If you have not left your current passwords in your will or in another document, it will be a lot harder for others to work with your digital legacy. In this case, your relatives must contact the providers directly and, after showing proof, they will be sent the respective password or can reset the existing one. In many cases, however, access to the connected e-mail account (to which the new password will be sent) is helpful.
What can I do for my digital legacy throughout my life?
The most effective step is to delete unused or unnecessary profiles and accounts and to keep your own digital presence to a minimum. Conscientious use of the internet and personal data also leads to a clearer digital legacy. In addition, it is helpful for you and your relatives if you keep a list of the relevant login data – in a safe place, of course – and keep it up-to-date. This is made a lot easier by using a password manager since you can just pass on the master password. It can also be useful to set up a security question for relevant services that only people close to you can answer.
If you make a list, you can also express wishes about what should happen after your death – such as "delete profile completely," "become memorial page," or "announce my death on my social networks with a short statement." In the case of highly sensitive accounts, such as online banking, payment services, and crypto currencies, it is highly advisable to prepare a precautionary power of attorney. This will ensure that your heirs have direct access to the assets stored online. You could also leave the login data with a notary or write it down and lock it in a safe.
Last but not least, it is important that you familiarisze yourself with your provider’s terms and conditions. How do social networks deal with accounts and how complex is the deletion process? If you have finaliszed contracts online, you should look for relevant clauses ("death of the user" or similar) and make sure that your relatives do not inherit unnecessary debts if you die. If in doubt, switch to providers who have flexible termination provisions.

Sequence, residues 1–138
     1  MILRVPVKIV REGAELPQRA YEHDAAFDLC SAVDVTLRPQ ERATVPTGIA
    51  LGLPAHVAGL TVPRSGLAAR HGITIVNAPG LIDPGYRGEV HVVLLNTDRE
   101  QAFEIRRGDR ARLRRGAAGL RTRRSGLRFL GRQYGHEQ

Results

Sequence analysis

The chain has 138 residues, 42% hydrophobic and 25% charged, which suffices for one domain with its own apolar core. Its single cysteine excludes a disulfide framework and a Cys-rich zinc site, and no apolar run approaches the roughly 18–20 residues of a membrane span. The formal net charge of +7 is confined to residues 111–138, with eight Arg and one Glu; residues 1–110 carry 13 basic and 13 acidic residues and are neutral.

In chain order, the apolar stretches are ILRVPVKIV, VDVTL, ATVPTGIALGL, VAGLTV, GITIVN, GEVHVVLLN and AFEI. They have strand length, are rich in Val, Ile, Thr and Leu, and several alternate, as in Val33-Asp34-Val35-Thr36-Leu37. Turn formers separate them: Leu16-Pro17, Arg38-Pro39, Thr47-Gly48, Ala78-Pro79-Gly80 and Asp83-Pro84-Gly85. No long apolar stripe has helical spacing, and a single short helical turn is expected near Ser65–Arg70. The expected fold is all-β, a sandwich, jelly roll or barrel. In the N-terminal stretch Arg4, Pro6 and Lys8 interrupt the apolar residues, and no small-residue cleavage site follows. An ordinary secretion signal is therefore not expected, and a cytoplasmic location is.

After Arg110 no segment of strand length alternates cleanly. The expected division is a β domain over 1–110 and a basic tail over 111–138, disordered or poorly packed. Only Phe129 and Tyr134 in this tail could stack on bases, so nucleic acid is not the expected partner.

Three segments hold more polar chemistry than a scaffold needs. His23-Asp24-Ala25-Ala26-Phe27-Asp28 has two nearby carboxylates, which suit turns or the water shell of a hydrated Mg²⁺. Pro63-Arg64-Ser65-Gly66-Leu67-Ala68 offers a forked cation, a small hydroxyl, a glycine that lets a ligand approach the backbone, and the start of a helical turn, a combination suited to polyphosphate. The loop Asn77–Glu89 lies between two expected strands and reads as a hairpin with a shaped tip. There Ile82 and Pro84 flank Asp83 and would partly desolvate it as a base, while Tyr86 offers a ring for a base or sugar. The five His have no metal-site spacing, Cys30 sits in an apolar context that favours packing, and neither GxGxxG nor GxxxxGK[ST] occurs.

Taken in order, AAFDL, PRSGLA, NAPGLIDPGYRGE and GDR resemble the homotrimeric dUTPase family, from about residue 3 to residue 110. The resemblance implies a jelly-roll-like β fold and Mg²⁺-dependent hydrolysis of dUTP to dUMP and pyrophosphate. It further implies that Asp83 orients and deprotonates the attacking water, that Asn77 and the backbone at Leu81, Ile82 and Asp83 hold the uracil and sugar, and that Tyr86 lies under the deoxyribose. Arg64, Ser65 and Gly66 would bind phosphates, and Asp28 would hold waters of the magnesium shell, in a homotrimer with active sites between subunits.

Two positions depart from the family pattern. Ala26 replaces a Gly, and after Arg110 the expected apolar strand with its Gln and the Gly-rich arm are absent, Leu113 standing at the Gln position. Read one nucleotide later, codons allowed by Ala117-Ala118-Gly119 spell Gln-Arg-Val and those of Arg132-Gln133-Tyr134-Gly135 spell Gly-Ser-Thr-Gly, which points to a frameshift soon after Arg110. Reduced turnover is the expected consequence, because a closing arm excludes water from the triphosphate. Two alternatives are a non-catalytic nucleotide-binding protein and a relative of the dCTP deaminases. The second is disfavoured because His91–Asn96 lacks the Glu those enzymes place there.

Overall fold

How do I determine who has access to my data in the event of my death?
From a legal point of view, your digital property will go to your main heirs unless you say otherwise in your will. However, it is then up to the principal heir to decide how to proceed with the entire digital legacy. For this reason, it is advisable to specify an appropriate estate regulation in the will or in the power of attorney. It often makes sense to pass on the digital inheritance to different people so that they can share the work. It’s important that you don’t list usernames and password in your will, since this document becomes public after you die.
How is digital estate regulated in the UK?
Solicitors warn that too much valuable, intellectual property is in danger of being lost when we die if we don’t leave instructions behind for what we want to happen to our digital legacy.
In the UK, there is no law regulating what happens to our digital estate after we die: the service provider is in charge of the fate of our social media. Families of the deceased are able to get in touch with the providers and ask for accounts to be deleted or to get partial access to them, but this can be very troublesome and can cause a lot of heartache since many providers have very different rules from one another.
The US implemented the Fiduciary Access to Digital Assets Act in 2014, which allows executors, trustees, or whomever the deceased person has appointed, to have full access to their assets. Many experts believe it would make sense for the UK to impose such an act.
At the moment, there is no federal law that states what happens to a person’s online data after their death or who is responsible for managing their digital legacy. The average American British person has a lot of digital property and if nothing is done with it in the event of a death, it makes it more vulnerable to identity thieves and hackers. Around 2.5 million deceased individuals are targeted each year.
Planning your estate online with the most important providers
It makes sense to first regulate digital inheritance for the most frequently used platforms and services. Once you have an overview, you should prioritisze the accounts and services that have money flowing through them; those which are paid through subscriptions, or on which money is stored digitally. Then it is advisable to take care of the most used social networks. Below we explain how some of the best-known internet service providers deal with the deaths of their users and what you should bear in mind if you are an heir to the digital estate on one of these platforms.